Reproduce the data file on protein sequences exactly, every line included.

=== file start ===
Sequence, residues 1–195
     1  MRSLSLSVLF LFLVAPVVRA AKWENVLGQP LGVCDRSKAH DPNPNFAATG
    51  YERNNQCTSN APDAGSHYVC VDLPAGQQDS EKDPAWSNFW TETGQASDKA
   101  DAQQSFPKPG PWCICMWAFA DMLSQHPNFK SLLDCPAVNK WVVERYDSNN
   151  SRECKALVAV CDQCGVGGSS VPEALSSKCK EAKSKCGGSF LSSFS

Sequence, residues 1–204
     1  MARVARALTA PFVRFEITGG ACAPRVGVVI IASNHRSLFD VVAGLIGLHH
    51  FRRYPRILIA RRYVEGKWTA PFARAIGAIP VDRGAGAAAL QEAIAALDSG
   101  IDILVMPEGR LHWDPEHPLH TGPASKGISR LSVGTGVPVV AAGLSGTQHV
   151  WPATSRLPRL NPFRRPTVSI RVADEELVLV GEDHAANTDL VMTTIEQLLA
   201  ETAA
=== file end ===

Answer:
Sequence, residues 1–195
     1  MRSLSLSVLF LFLVAPVVRA AKWENVLGQP LGVCDRSKAH DPNPNFAATG
    51  YERNNQCTSN APDAGSHYVC VDLPAGQQDS EKDPAWSNFW TETGQASDKA
   101  DAQQSFPKPG PWCICMWAFA DMLSQHPNFK SLLDCPAVNK WVVERYDSNN
   151  SRECKALVAV CDQCGVGGSS VPEALSSKCK EAKSKCGGSF LSSFS

Sequence, residues 1–204
     1  MARVARALTA PFVRFEITGG ACAPRVGVVI IASNHRSLFD VVAGLIGLHH
    51  FRRYPRILIA RRYVEGKWTA PFARAIGAIP VDRGAGAAAL QEAIAALDSG
   101  IDILVMPEGR LHWDPEHPLH TGPASKGISR LSVGTGVPVV AAGLSGTQHV
   151  WPATSRLPRL NPFRRPTVSI RVADEELVLV GEDHAANTDL VMTTIEQLLA
   201  ETAA